Deadline then asked the question from the Deadpool movie: McAvoy or Stewart?

Hawley explained that casting decisions and permissions from Fox have not yet been firmed up, saying, “Well, some of that is a little more logistically complicated just in terms of would we try to use either Patrick Stewart or James McAvoy. Would they be interested in doing the show? Would 20th Century Fox?

I have to consult with them about the X-Men characters and which characters they want to protect for the future franchise and which ones are available to me. So, there’s a lot of conversations I haven’t had yet but we’re willing to be had. I’m not stressed out about it. I think we all get along quite well and it’s just going to be a question of how and when.”

As of right now, then, it’s unclear if Professor X will show up in season 2, and who will be playing him if he does.

What does The World’s Angriest Boy In The World have to do with anything?

One little mystery was solved this week: the identity of The World’s Angriest Boy In The World, the book character who keeps turning up, replete with a papier-mâché head, in David’s memories.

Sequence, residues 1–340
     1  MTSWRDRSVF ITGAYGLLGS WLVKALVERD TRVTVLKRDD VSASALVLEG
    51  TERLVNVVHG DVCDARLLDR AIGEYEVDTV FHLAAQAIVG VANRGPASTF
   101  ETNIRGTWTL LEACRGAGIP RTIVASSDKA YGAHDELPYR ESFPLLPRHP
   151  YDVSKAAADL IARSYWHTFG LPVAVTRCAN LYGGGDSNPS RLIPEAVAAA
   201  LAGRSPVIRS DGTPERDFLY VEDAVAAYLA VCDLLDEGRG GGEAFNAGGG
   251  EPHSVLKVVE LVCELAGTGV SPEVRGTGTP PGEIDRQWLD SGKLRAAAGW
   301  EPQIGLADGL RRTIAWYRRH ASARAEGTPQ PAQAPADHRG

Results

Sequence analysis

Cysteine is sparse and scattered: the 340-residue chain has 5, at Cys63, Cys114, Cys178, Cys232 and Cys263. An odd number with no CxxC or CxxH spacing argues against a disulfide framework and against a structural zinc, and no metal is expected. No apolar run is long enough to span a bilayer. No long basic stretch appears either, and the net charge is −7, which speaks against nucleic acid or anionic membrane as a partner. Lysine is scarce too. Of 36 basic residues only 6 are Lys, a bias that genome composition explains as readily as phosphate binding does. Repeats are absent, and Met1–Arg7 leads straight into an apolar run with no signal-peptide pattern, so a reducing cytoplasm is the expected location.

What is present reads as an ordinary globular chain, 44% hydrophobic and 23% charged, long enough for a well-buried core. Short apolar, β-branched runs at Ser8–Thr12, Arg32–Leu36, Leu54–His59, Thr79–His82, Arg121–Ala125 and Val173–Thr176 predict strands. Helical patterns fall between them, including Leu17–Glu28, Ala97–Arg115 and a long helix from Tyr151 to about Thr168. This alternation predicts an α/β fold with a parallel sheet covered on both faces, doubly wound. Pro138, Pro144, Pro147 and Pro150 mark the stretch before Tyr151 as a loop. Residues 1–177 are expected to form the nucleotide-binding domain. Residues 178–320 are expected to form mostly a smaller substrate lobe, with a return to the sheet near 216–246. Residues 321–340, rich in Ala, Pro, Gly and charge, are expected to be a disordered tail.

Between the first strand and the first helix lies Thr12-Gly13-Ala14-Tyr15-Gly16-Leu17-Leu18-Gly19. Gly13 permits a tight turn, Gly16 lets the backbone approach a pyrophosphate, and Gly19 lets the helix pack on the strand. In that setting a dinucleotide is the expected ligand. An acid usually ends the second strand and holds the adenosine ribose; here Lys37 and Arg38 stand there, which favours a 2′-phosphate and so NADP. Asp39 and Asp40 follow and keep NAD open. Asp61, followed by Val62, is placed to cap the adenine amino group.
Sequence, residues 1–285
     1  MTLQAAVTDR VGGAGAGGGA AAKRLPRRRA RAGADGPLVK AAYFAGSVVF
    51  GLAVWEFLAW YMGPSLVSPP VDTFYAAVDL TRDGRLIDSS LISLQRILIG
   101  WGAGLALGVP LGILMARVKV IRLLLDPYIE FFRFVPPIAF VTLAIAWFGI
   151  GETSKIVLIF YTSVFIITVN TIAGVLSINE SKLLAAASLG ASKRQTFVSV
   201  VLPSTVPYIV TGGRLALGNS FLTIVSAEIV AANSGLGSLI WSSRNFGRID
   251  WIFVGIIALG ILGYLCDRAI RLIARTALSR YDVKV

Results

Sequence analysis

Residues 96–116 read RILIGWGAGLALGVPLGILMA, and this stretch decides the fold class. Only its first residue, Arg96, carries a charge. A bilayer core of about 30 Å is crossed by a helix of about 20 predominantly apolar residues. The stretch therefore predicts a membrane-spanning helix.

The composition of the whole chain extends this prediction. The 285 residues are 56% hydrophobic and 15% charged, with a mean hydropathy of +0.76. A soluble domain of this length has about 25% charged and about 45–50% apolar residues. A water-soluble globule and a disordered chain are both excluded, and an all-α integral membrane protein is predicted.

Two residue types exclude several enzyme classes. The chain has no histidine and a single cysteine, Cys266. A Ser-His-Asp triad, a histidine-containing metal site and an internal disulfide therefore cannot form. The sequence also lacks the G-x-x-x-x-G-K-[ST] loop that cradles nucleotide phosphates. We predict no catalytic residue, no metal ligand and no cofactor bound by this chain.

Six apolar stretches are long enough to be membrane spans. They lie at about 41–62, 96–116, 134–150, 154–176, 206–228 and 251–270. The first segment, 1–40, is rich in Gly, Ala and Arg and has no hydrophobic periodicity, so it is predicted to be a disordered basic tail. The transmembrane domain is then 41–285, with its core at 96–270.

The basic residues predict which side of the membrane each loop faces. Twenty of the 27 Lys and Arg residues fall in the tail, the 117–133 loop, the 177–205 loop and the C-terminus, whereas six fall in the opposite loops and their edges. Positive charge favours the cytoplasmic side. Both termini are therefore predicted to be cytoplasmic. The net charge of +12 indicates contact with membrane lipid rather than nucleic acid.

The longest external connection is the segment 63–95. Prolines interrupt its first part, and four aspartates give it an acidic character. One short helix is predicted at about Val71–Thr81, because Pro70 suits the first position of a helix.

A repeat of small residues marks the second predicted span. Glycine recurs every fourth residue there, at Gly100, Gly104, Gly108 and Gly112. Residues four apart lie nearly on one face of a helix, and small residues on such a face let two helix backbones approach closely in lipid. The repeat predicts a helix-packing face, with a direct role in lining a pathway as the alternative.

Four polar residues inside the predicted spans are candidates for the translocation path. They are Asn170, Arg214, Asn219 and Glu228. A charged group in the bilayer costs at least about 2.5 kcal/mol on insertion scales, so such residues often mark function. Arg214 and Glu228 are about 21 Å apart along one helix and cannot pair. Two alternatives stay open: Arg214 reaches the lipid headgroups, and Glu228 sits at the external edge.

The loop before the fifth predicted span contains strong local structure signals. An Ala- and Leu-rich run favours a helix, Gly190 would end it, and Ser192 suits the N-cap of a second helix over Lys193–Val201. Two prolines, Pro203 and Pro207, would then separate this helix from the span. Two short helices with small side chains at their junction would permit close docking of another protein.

“I have other faces,” The Shadow King explained to Syd, when its Aubrey Plaza disguise was starting to fall apart. Then a flash of The World’s Angriest Boy appeared on the screen, seeming to confirm that this creepy fella is just another visual representation of The Shadow King. It’s not a different entity.

One assumes that The Shadow King latched onto this image, because it creeped David out when he was younger. Either that, or it came up with the look itself and implanted it into David’s memories.

What would strangling someone on the Astral Plane actually do?

Aubrey-Shadow-King-Plaza strangles David when they’re battling on the Astral Plane, which might make you wonder, what would that actually do? Indeed, in all the excitement and false memories and flashbacks on Legion season one, the exact rules of this mental space have not been fully explained.

But one thing we do know is that astral death seems to equal regular death, lest we forget that Mackenzie Gray’s perm-loving villain The Eye was crushed to death inside the Astral Plane last week. And when everyone returned to real life, The Eye had bled to death.

Legion’s Astral Plane isn’t a Sherlock mind palace where nothing that happens has physical repercussions, then. It’s a place with stakes. So when The Shadow King was strangling David, it was trying to do some real damage.